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If you are a UK-based vet who graduated in 2007 or later, you will have experienced completing the RCVS’ postgraduate development record (PDR) – the online tool used to record progress and development during the postgraduate development phase (PDP). Many vets will have also been involved in mentoring new graduates while they engage in this activity and transition into practice life. Whatever your role, it is likely that you have a view on the effectiveness of this approach to supporting new graduates.
At January’s RCVS council meeting,1 the committee approved the next steps in the ongoing review of the PDP. This work forms part of the graduate outcomes consultation that was initiated following the RCVS and BVA Vet Futures project. In 2016, the Vet Futures project group produced an action plan outlining a vision for the veterinary profession for 2030,2 and, unsurprisingly, this included a number of recommendations around veterinary education (both undergraduate and postgraduate). Among these recommendations was a ‘focus on reflective practice’ – covering both how these skills are developed in our undergraduate students and ensuring they remain a key element of the immediate postgraduate phase and beyond.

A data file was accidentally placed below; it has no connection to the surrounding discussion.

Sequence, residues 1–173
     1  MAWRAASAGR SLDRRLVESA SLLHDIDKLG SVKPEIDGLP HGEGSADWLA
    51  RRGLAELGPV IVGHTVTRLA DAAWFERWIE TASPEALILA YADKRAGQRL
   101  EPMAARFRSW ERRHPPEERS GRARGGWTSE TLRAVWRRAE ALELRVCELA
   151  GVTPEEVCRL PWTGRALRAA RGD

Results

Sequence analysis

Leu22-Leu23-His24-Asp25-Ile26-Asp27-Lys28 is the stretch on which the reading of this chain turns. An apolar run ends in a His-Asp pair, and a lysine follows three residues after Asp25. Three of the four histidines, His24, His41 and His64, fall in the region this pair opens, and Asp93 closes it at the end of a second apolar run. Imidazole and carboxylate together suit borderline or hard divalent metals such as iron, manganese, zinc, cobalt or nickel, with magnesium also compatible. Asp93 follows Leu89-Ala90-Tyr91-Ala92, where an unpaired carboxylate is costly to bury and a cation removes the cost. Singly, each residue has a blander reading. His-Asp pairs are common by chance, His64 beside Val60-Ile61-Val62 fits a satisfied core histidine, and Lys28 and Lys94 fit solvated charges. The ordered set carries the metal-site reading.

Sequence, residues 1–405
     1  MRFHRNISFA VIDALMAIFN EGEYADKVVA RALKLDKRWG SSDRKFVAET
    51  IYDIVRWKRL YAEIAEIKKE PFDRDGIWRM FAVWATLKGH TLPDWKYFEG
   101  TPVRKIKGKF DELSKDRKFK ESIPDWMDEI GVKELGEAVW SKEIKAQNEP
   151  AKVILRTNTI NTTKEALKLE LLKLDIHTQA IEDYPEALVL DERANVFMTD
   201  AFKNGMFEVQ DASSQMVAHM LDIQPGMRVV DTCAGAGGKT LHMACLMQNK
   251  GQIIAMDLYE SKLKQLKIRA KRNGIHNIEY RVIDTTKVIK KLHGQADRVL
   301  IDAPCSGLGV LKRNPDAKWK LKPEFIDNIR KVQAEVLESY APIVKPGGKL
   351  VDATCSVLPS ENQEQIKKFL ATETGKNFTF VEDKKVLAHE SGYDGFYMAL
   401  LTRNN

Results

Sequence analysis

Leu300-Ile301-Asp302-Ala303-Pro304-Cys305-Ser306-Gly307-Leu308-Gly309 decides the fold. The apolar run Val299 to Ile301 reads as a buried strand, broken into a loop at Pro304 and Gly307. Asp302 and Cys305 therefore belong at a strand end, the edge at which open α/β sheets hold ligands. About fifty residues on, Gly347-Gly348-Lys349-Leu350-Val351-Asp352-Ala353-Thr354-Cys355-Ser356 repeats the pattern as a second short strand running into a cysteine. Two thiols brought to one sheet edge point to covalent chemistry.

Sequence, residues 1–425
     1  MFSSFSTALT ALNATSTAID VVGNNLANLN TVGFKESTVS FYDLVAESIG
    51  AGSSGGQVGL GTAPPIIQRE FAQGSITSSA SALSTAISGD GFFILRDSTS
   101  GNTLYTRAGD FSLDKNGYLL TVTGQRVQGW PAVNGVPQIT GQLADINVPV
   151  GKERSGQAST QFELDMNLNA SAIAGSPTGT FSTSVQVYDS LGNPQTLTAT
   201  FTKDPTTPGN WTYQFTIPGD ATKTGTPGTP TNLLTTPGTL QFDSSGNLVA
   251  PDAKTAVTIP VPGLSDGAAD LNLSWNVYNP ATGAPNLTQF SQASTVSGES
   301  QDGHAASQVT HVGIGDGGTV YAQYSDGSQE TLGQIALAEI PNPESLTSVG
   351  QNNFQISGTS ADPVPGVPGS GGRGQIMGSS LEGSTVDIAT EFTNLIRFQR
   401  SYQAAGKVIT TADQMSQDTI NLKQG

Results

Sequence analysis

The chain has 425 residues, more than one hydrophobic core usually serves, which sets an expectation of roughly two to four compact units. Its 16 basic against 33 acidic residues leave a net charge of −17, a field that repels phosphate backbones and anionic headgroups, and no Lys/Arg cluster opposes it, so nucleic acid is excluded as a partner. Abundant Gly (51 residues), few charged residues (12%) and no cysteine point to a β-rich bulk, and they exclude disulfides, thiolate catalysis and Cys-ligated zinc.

It is encouraging to see how action on this recommendation is being informed by a number of stakeholders, and Warman’s paper,3 summarised on p 347 of this issue of Vet Record, is a helpful addition to the discourse with its specific focus on the PDP. In this study, Warman uses a qualitative methodology – involving RCVS documentation, face-to-face interviews and the graduates’ PDRs – to understand the reflective activity of 15 recent graduates.
The picture that emerges is that of the formal PDP being overlaid (and often superseded) …
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